'My son was bullying other kids at school. When he told me why, it broke my heart.'

As told to Ann DeGrey

The first time I received a phone call from my son's school about his bullying, it hit me like a punch to the gut. The school councillor detailed incidents where he mocked, belittled, and physically intimidated his classmates. Surely, she couldn't be talking about my sweet boy Ethan? 

I knew my 11-year-old had a temper, and he lashed out at his younger sister. But I grew up in a large family and I know all siblings fight every now and then. I had no idea that Ethan was terrorising his classmates, as well as his teachers. 

I was told Ethan's bullying incidents are varied and distressing. There was a time he orchestrated a cruel prank on a classmate, convincing the boy that he was invited to a non-existent party. The boy apparently turned up, with a present, only to be embarrassed to discover there was no party. 

Ethan also spread rumours about a girl in his class, who'd survived cancer, telling people she was wearing a wig and encouraging other kids to constantly pull her hair. This girl ended up leaving the school because of Ethan's bullying.

Watch: The other signs of workplace bullying beyond its definition. Story continues after video.

Video via ReachOut Australia.

He also did seemingly small but upsetting things, such as every day he'd throw the school bag of a special needs student over the school fence onto the street. He also bullied a girl with a speech impediment, tossed a rotting banana at his teacher, and made up a nasty song which he sang to a boy whose parents had just divorced. And the list goes on. The councillor explained to me that it's not just the physical bullying but the emotional and psychological torment he inflicts that cuts the deepest.


I was also told that he tormented a teacher, whose husband had recently died, by printing a picture of the man that he'd found online, drawing devil horns on the man’s head and leaving the picture on her desk.  

I felt absolutely dreadful. I blamed myself – maybe all the extra hours I spend in the office and away from my kids have contributed to this? I could only imagine the fear and hurt in the eyes of the poor kids who were on the receiving end of Ethan's cruelty.

When I confronted Ethan, at first he told me that the teacher was lying but eventually he admitted that he gets very cross and takes it out on other kids. "I don't really like myself very much," he said. This just broke my heart. 

I feel like mothers are always very quick to blame themselves for everything that goes wrong with their kids. But I know that Ethan has inherited his father's worst traits, my ex-husband, a man whose own mean and cruel streak eventually drove us apart. I see so much of him in Ethan now, a realisation that's both heartbreaking and terrifying. It's as if that same anger and bitterness have taken root in my son, manifesting in ways that I can barely comprehend.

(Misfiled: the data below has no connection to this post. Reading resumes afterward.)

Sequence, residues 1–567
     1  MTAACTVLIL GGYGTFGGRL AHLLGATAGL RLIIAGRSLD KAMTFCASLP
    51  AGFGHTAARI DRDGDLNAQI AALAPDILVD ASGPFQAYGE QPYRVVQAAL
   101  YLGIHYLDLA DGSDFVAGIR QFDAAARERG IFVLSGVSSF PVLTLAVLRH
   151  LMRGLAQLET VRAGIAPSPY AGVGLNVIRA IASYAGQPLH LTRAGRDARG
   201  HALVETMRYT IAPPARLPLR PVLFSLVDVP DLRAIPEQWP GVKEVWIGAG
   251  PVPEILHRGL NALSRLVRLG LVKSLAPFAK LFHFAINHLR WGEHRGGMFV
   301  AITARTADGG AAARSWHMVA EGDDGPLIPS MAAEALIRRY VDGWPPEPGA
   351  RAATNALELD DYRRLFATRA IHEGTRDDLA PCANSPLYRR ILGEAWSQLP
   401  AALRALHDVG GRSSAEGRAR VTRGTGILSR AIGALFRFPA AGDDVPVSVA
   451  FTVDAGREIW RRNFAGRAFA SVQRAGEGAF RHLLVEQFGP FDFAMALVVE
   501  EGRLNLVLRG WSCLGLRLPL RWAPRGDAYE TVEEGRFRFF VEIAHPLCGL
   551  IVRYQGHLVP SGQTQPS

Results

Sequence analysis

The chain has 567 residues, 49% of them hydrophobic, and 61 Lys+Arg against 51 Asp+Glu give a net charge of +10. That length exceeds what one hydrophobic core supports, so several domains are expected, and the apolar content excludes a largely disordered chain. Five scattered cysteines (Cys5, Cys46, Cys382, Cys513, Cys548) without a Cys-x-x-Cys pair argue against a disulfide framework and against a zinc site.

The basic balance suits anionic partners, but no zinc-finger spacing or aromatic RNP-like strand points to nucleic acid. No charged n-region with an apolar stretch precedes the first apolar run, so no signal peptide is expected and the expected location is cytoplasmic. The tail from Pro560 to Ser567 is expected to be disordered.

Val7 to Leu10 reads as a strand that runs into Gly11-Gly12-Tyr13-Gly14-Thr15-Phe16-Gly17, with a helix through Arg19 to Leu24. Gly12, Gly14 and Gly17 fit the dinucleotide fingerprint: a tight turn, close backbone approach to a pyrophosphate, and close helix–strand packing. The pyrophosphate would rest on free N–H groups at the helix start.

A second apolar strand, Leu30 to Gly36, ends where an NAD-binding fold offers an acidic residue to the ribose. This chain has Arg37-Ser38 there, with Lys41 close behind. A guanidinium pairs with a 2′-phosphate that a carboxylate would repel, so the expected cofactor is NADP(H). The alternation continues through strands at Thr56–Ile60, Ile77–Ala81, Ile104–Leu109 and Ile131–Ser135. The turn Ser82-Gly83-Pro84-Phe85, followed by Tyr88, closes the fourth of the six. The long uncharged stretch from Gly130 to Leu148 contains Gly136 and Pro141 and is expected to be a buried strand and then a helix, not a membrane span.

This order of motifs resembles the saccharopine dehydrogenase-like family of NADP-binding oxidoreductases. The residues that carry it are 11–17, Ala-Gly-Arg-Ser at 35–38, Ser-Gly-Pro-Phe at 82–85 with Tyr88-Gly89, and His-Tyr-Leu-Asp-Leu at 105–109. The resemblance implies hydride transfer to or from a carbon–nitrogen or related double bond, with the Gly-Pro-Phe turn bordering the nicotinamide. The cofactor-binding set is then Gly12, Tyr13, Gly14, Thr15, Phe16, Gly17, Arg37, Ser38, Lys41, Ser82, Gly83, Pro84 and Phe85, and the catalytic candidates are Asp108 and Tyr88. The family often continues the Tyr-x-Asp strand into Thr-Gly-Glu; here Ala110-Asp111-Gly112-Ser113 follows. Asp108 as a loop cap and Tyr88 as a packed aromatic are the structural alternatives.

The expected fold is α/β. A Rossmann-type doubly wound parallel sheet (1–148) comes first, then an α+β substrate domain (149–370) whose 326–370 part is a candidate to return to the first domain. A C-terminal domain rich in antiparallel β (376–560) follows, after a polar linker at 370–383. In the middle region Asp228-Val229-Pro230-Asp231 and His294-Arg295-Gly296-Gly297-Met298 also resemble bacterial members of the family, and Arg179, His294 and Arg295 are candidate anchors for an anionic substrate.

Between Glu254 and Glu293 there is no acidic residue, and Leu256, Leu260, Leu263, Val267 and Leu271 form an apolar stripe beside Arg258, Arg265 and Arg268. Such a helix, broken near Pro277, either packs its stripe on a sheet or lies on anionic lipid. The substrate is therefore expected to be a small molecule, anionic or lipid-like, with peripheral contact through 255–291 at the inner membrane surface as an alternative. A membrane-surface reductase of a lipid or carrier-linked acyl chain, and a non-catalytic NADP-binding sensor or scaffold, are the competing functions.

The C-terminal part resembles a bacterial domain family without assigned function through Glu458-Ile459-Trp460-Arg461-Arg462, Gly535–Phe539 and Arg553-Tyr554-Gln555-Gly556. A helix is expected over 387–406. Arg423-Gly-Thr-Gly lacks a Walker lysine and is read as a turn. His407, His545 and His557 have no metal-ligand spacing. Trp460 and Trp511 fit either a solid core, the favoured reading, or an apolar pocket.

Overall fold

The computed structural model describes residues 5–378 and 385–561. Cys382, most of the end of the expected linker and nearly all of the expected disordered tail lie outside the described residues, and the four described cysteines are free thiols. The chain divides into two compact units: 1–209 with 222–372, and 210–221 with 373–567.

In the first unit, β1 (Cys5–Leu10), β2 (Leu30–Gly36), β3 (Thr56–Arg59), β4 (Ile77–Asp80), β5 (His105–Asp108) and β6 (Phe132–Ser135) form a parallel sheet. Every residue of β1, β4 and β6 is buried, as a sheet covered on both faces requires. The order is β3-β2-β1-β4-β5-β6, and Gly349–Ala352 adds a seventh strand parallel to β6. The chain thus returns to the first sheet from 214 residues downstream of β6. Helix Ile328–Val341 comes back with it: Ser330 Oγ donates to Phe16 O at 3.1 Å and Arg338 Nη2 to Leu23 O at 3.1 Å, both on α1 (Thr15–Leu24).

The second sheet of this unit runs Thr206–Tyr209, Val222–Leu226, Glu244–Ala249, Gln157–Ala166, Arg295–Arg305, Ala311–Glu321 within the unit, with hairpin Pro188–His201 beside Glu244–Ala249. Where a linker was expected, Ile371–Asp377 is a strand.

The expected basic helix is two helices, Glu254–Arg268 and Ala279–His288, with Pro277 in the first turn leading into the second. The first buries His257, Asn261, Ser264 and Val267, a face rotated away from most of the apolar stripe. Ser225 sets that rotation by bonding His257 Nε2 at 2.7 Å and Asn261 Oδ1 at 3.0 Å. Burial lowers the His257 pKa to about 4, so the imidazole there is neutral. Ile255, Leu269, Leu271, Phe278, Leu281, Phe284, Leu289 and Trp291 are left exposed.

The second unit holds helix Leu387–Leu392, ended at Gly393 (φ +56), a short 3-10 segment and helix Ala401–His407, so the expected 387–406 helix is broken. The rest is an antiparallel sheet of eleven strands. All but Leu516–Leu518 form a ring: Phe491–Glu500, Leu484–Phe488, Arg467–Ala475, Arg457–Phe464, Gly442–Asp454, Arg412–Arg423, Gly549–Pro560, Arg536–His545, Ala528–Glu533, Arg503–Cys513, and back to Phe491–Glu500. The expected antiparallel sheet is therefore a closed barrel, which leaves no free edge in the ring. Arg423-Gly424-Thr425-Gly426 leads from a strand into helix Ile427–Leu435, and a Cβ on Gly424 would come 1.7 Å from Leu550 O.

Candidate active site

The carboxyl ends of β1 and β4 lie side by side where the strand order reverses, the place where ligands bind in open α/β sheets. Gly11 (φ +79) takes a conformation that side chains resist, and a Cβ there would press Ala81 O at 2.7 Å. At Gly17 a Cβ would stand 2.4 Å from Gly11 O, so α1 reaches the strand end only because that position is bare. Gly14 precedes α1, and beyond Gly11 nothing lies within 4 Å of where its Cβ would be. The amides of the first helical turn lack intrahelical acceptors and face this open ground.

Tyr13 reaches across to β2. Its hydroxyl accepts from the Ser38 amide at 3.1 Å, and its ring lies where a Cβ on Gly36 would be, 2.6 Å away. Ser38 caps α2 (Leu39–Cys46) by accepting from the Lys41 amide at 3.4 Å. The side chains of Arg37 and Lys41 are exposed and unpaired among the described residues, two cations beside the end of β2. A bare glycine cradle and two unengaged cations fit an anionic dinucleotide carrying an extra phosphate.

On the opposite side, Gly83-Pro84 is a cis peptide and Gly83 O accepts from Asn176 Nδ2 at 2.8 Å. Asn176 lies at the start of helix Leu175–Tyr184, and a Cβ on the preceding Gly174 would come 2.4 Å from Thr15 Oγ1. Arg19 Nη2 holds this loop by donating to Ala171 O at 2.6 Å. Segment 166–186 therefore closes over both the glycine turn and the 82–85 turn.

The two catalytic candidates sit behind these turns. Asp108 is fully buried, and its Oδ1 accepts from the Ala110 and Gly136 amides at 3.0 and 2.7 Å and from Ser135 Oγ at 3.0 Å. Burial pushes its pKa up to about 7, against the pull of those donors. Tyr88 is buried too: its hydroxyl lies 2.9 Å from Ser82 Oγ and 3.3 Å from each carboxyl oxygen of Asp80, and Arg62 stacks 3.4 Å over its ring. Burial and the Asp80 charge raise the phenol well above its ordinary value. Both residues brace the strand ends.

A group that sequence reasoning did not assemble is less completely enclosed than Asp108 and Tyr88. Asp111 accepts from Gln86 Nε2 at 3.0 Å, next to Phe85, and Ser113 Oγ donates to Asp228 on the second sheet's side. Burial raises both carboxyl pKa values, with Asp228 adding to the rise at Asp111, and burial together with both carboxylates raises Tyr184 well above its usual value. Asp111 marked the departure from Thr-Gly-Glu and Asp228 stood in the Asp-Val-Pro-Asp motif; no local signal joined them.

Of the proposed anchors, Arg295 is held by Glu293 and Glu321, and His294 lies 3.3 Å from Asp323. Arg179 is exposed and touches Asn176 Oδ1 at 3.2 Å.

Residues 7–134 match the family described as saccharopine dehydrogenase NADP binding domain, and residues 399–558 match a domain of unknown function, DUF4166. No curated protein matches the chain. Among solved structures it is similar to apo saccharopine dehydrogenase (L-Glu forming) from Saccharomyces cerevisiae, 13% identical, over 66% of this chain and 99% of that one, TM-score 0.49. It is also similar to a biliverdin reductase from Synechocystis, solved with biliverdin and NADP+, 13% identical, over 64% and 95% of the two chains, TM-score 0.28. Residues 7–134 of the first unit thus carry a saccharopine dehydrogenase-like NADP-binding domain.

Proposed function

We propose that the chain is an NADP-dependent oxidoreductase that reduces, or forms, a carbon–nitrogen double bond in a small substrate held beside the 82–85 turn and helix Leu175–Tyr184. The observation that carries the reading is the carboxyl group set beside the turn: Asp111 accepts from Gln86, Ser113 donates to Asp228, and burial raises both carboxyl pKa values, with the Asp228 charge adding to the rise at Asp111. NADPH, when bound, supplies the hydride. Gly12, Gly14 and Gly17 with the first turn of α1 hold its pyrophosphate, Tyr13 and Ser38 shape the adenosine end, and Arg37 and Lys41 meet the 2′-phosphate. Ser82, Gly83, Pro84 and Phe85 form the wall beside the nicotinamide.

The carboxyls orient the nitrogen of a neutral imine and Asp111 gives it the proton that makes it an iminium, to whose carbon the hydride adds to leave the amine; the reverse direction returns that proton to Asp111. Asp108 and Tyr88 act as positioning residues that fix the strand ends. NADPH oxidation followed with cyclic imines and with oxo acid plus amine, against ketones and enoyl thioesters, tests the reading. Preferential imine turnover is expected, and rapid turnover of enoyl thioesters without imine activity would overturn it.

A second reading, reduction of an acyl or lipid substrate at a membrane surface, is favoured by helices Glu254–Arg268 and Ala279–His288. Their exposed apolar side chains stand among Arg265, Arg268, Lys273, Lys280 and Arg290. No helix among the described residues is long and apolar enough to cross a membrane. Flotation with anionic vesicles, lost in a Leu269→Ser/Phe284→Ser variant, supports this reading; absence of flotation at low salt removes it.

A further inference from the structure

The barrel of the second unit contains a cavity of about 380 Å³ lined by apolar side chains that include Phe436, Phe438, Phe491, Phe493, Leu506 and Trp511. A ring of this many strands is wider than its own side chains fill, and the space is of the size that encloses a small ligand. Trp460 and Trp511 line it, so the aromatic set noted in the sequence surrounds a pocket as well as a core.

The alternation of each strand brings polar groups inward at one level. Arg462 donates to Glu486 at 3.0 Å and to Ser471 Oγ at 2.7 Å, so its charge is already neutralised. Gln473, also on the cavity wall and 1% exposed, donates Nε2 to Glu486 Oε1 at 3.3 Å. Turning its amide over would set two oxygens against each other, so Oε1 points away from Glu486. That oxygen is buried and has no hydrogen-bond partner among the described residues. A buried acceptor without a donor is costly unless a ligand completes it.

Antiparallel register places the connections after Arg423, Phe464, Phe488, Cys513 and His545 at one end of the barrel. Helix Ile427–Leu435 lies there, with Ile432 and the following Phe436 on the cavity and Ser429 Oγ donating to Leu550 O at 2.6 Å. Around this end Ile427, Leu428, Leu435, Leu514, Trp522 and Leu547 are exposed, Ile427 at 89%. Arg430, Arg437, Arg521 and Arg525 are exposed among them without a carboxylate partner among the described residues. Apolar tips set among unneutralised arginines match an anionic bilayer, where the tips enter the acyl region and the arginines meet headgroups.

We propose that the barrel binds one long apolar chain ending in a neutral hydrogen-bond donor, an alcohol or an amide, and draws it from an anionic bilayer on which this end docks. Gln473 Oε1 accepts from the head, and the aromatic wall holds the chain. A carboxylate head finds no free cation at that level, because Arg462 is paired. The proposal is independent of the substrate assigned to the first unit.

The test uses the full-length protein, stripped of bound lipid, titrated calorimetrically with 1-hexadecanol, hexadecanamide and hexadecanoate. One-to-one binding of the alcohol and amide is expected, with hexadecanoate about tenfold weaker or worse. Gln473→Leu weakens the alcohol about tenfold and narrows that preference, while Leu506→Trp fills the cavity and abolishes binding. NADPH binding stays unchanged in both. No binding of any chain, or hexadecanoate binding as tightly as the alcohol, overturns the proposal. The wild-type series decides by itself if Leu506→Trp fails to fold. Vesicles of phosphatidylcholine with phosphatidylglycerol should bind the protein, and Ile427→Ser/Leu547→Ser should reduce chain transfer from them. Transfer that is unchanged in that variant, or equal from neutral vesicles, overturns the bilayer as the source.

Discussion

I've tried everything I can think of at home. We've had countless discussions about kindness, empathy, and the impact of our actions on others. Sometimes, I catch glimpses of the sweet boy he used to be, and I feel a surge of hope. But then, another incident, another call from the school, and we're back to square one. It's a cycle that leaves me feeling helpless, questioning where I went wrong, and what more I could possibly do to bring back the kind boy that he once was. 


We went to therapy together and that's when I realised that Ethan's actions go beyond typical childhood misbehaviours. They're deliberate, harmful, and increasingly difficult to address.

I was so desperate, I've decided to move Ethan to a new school and I'm hoping that a fresh start might be the change he needs. Yet, I'm haunted by the fear of history repeating itself. What if the bullying doesn't stop? 

As I contemplate this next step, I'm filled with a mix of hope and dread. Hope that a new school will offer Ethan a chance to change, to become the kind and caring person I know he can be. And dread at the possibility that his mean and cruel tendencies are too deeply ingrained, that they might dictate the person he becomes.

The weight of this situation is overwhelming. Knowing that your child is causing pain to others, and feeling powerless to stop it, is a form of agony I wouldn't wish on anyone. I'm constantly torn between my love for Ethan and the responsibility I feel to correct his behaviour, to somehow make right the wrongs he's committed.

But I refuse to give up on my son. I know the road ahead will be difficult but I also believe that it's not too late for Ethan to change. My love for him is unwavering, and I'm committed to doing whatever it takes to help him overcome this. The thought of him continuing down this path, of becoming someone even he can't recognise, is unbearable.

Feature Image: Getty Images. 

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